While some may have you believe that railroads today still use "Civil War era technology," today's network features countless components unfathomable at the time of Lincoln. From a sophisticated system in the final stages of testing that uses multidimensional ultrasonic technology to locate defects in tracks before they cause problems, to the use of drones for track and bridge inspections, the industry increasingly resembles Silicon Valley rather than iconic black and white railroad images of days gone by.
This unrelenting pursuit for innovation has a real impact, as federal statistics show railroads are the safest they have ever been. Progress is rooted in a sound strategy: invest billions to maintain and upgrade infrastructure and equipment, constantly innovate to develop and deploy new technology, and work with local communities to train and educate individuals most closely linked to the industry on rail operations and safety. It is the best story never told, one that the public and policymakers alike should come to know and appreciate.
The intersection of technology and community partnership will be on display this week in D.C. when the National Alliance for Public Safety GIS (NAPSG) Foundation awards CSX Transportation with the 2016 Award for Excellence in Public Safety GIS. The Florida-based railroad is being honored for its application "Rail Respond," a phone and computer based program that emergency managers use to access information about cargo traveling on CSX tracks. The program supplements the shipping papers found in a cab, possibly saving first responders time by allowing professionals to view the information from central command or as soon as they arrive at the scene of an accident.
According to Battalion Chief Dave Hartman of the Charlottesville (Va.) Fire Department, who nominated CSX, the Rail Respond "is a dream come true for incident commanders as it directly and immediately impacts the safety and effectiveness for our responders."
Rail Respond will soon be combined with a similar tool known as AskRail, currently used by first responders throughout the country on non-CSX track. These programs are a prime example of why railroads will never stop voluntarily innovating to improve safety. No one requires companies like CSX to arm first responders with this information, but railroads dedicate massive resources to do so nonetheless.
Railroads also work tirelessly to train first responders. In recent years, through partnerships with the Transportation Technology Center, Inc. (TTCI) and communities, railroads have educated more than 20,000 first responders per year. In the past two years, more than 3,300 emergency responders have been flown to Pueblo, Colorado to receive intensive, week-long training in CBR response techniques at the industry's Security and Emergency Response Training Center (SERTC).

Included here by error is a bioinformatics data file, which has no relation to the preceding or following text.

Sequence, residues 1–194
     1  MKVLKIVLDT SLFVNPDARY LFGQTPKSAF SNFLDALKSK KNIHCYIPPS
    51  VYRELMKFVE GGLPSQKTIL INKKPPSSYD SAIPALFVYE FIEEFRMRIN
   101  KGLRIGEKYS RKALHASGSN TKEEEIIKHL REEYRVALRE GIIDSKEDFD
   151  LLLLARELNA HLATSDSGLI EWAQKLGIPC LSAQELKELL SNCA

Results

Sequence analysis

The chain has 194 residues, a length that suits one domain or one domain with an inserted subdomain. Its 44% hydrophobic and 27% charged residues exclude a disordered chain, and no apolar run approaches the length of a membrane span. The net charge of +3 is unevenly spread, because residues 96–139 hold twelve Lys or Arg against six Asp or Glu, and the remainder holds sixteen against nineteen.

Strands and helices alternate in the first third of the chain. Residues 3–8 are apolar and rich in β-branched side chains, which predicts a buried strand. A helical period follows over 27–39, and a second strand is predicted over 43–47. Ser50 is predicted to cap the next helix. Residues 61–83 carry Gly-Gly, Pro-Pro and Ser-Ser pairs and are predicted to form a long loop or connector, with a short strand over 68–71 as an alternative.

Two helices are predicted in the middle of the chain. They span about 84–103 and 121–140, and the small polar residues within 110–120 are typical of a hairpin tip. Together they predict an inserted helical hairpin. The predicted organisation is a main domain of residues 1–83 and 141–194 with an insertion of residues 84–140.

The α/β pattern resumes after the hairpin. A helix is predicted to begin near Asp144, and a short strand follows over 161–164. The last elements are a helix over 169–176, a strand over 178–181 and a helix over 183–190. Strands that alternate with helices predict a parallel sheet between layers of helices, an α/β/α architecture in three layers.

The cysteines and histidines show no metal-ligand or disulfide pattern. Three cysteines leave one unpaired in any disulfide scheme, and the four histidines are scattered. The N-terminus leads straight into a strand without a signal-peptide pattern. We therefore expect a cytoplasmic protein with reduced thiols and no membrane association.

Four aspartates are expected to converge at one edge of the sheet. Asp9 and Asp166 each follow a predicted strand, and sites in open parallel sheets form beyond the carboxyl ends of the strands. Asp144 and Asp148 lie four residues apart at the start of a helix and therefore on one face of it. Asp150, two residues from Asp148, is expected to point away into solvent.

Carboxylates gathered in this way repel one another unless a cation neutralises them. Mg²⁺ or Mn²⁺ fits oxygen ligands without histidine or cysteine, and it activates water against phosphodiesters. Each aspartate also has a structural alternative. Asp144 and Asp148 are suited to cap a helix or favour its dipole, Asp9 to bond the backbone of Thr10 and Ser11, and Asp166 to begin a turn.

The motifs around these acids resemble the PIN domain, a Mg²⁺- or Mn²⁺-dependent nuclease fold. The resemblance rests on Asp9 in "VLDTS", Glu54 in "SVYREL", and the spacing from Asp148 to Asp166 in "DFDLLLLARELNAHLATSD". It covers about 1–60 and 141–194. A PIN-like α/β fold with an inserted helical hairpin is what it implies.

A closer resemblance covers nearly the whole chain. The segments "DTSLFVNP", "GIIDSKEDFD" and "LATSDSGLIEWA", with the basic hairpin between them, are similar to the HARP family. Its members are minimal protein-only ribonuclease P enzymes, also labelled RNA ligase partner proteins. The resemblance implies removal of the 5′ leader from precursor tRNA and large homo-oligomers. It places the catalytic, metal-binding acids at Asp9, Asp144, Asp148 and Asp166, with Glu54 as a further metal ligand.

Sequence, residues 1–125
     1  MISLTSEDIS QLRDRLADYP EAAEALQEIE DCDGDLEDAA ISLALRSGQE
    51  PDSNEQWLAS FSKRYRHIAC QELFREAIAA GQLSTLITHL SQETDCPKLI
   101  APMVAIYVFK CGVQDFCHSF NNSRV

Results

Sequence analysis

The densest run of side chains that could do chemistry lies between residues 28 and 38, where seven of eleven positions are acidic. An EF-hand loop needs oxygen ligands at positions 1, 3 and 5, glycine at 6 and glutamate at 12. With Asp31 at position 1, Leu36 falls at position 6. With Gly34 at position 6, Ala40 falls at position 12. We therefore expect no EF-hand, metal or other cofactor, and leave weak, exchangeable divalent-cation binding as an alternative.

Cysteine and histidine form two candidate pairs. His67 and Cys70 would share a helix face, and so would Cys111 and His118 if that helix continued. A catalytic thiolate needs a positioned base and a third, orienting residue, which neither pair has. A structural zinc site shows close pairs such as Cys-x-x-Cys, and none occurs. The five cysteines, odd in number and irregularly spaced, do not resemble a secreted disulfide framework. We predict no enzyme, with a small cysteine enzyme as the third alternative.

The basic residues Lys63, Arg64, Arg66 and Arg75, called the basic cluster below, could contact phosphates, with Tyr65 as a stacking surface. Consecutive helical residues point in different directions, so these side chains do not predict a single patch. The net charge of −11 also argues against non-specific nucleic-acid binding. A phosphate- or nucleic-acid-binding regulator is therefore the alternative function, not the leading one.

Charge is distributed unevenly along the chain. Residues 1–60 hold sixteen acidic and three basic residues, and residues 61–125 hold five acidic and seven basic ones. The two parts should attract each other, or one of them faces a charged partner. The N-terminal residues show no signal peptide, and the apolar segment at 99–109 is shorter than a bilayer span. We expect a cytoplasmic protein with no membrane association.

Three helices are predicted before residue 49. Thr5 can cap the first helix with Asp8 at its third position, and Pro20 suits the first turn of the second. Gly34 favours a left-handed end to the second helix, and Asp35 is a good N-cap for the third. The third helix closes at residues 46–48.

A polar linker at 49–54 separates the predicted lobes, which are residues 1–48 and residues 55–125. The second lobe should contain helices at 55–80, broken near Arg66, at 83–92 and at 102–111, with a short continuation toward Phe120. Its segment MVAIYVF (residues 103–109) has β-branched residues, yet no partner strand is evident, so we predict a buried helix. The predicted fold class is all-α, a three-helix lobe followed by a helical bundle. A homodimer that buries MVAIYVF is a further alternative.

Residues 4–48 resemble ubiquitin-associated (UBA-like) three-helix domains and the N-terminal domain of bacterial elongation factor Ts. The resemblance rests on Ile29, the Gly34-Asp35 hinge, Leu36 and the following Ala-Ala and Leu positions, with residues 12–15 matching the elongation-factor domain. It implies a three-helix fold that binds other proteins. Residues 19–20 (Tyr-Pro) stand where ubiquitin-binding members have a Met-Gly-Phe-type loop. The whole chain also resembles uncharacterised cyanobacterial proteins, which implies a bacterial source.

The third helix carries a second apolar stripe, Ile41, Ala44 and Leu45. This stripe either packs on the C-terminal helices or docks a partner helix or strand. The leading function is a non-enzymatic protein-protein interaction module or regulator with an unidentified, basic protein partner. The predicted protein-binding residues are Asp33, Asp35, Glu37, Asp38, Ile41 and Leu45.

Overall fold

"Taking the training course on the road - including materials and classroom instruction in a specialized on-site training trailer equipped with valves, protective housings and other training rail props - is a major development given the time constraints felt by first responders and reinforces just how much the freight rail industry is doing to educate and train the fire fighters and emergency responders serving rural America," says Mike Cook, executive director of Hazardous Materials Compliance and Training at TTCI.
Even more have participated in the industry's free online crude-by-rail safety course, which provides web-based training for those who cannot travel to Colorado. Taken together, far more first-line responders now understand rail safety more than just a few years back.
All the while, railroads are still testing and deploying technology that will hopefully reduce the need for first responder engagement.
Consider Positive Train Control (PTC), a made-from-scratch technology which the industry continues to test and implement across its vast network. To date, railroads have retained more than 2,400 signal system personnel to implement PTC and have spent nearly $6.5 billion on a system that will automatically stop a train before certain types of accidents occur. This will curtail train-to-train collisions, speed-induced derailments and situations where trains go onto tracks under construction.
Or consider that freight railroads are increasingly using "big data" to identify trends in equipment malfunctions. "Individual factors by themselves might not be predictors of defects, but in combination they could be," says Tony Sultana, a principal investigator at TTCI. By investing in data warehouses and skilled technicians to analyze the information, railroads may be able to forecast unsafe trends before they arise.
Safety is a never ending quest for railroads they will continue to pursue.